College. It’s a word that makes many tremble before it or reminisce about a time lost to eternity; but what does a 4-year college experience really offer us?
As a recent graduate from Indiana University in Bloomington, I often wonder about this… I finally broke it down into what I call “the five pillars for college success”.
Pillar 1: Academics. We all know what the news networks, business magazines, and academic advisors say about college: It’s worth the time and financial resources spent, but as more and more high school graduates enter college a bachelor’s has become the norm in entering the workforce. For some, the tens of thousands spent on their degree isn’t worth the hype. Personally, attending college was partly to follow in my parents’ footsteps and partly to engage in lifelong learning, which I did as a Hoosier student. I am happy to say that with the college courses I took, I feel prepared to conquer anything the world tosses my way.
Pillar 2: Extracurriculars. Unless it’s greek life, this is often one of the most undervalued and under utilized aspects of the college experience. College isn’t just about acquiring great grades in class., but also building life long relationships, being apart of a community, and learning to create balance in our lives as young adults. Extracurriculars are also a great way to stack your pre-graduate resume by getting involved with campus groups as a student leader. While at IU, I balanced both academics and extracurriculars to a good degree and was recognized for my personal contributions to the overall campus environment during my four years on-campus. As a result I’ve been able to get clearer about my career goals and bolster my networking skills while entering the workforce.
Pillar 3: Professional Development. Major, internship, and job… these three words are constantly thrown at college students. What isn’t talked about enough while in school? How important building your personal network is while in school and the role that will play in your professional development post-graduation. Networking is essential for making connections with those that could help attain that first dream internship or post-graduate job. I landed my first internship as a graduate of Indiana University through my personal network as a college student on-campus, so go forth and make some connections!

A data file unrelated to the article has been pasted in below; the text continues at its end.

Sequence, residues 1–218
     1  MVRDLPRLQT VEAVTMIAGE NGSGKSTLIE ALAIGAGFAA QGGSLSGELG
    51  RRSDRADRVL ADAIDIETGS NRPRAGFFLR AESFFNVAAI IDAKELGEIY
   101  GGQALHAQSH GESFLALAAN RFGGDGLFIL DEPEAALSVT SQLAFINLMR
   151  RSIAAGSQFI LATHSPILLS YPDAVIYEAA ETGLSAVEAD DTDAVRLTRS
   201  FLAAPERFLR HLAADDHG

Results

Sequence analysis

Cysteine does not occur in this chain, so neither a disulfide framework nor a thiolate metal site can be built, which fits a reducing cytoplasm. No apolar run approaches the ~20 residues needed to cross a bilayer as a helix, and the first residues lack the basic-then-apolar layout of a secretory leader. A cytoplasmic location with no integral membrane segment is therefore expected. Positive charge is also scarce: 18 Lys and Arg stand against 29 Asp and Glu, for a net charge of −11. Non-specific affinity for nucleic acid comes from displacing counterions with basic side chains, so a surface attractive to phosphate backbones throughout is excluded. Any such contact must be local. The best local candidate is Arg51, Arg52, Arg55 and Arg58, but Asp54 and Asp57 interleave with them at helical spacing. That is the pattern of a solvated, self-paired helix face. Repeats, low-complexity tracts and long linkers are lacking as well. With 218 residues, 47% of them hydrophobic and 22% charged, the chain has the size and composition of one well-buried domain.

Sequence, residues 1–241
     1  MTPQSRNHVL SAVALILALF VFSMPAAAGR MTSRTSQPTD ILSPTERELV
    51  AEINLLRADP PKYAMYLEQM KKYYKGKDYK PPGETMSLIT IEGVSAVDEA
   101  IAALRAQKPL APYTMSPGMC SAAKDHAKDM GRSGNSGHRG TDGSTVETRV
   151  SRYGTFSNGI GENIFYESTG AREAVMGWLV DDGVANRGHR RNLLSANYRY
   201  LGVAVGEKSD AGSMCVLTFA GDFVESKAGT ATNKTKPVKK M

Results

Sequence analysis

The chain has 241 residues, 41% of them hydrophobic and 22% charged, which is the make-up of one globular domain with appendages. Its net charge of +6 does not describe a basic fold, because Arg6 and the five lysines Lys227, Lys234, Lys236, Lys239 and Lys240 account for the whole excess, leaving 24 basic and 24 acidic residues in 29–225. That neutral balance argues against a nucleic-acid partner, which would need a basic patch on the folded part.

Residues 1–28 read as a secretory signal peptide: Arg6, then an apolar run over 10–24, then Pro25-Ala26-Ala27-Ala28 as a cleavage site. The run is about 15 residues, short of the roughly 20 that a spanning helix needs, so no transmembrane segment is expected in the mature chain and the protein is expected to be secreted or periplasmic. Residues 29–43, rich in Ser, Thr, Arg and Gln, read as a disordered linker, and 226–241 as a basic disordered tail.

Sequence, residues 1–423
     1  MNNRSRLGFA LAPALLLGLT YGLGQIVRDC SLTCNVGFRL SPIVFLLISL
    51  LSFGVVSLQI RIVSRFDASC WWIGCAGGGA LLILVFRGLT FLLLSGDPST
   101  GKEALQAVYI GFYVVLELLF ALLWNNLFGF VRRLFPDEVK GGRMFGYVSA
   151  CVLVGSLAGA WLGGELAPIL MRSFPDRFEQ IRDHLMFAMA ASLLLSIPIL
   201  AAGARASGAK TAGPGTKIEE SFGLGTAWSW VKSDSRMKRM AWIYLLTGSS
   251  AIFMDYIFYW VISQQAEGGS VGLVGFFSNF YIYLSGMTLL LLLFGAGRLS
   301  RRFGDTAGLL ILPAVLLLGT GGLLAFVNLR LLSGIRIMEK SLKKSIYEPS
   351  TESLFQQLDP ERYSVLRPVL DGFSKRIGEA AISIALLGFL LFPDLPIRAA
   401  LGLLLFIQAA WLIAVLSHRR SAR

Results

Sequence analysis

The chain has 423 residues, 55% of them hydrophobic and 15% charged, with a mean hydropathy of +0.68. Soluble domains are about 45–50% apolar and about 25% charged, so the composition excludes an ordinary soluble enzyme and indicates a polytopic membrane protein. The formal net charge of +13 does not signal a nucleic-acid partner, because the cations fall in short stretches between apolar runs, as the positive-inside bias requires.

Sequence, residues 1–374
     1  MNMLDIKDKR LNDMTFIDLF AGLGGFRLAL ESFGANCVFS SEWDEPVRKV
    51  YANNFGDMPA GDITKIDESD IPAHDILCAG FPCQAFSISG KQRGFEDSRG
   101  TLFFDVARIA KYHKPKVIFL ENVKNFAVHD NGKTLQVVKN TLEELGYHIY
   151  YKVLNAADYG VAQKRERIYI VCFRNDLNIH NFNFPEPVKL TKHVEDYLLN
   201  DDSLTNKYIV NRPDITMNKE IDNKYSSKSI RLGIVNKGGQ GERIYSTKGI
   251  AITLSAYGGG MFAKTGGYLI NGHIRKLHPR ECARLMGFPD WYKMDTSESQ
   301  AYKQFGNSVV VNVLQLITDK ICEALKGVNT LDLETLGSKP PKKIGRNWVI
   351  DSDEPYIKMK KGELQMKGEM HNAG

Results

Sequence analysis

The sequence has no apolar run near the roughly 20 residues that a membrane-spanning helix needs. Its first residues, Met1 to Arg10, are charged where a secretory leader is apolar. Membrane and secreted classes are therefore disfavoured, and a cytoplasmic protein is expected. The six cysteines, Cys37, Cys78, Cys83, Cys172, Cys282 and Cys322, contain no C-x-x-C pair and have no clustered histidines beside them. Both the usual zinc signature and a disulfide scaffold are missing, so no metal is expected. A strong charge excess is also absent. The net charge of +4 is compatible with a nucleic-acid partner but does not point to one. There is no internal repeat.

Pillar 4: Socializing. Human civilization is built around socializing with others in either niche or general communities. We typically congregate around those who share similar interests or live nearby, as evidenced by college students on in a specific dorm or greek house. While in college, I found myself around those with strong interests in politics and student engagement, which I later realized shaped my career goals. Your social relationships in college are both about creating balance in your life, but also in learning who you are as a young adult.
Pillar 5: Time management. Many college graduates and soon-to-be graduates feel there isn’t enough time in college to focus on what they truly love; however, I disagree. I have found that many college students struggle with poor time management skills, which ultimately harms their personal health and overall excitement to learn. As a recent graduate, I used effective time management skills to my advantage and harnessed it to be a student leader guiding struggling students to safety when everything for them seemed hopelessly lost. I was able to make time for helping others, learning from others, and learn about myself.
College is a time for self-exploration. To get the most out of your four years try to focus on the above five pillars for college success. I know by trying things outside of my comfort zone I was able to become a student leader who inspired others, network my way into some amazing opportunities, and learn how to create balance in all areas of my life while getting the most out of college.
I hope that these five pillars for college success are taught to many incoming college students and that everyone understands that all lifelong learning is multi-faceted in nature because one learns just as much outside the classroom as inside an academic environment.
Do I believe in higher education? Yes, I do believe it’s worth the struggle if you’re ready for it.